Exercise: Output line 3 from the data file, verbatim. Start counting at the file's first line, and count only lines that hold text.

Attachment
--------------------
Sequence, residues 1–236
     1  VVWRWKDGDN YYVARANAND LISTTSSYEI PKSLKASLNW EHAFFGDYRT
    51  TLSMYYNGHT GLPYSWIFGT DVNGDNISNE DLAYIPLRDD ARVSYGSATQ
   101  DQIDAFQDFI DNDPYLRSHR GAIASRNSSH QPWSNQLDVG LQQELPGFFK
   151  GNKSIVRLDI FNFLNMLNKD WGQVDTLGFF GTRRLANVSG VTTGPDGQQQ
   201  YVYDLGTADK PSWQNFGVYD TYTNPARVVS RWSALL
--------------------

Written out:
    51  TLSMYYNGHT GLPYSWIFGT DVNGDNISNE DLAYIPLRDD ARVSYGSATQ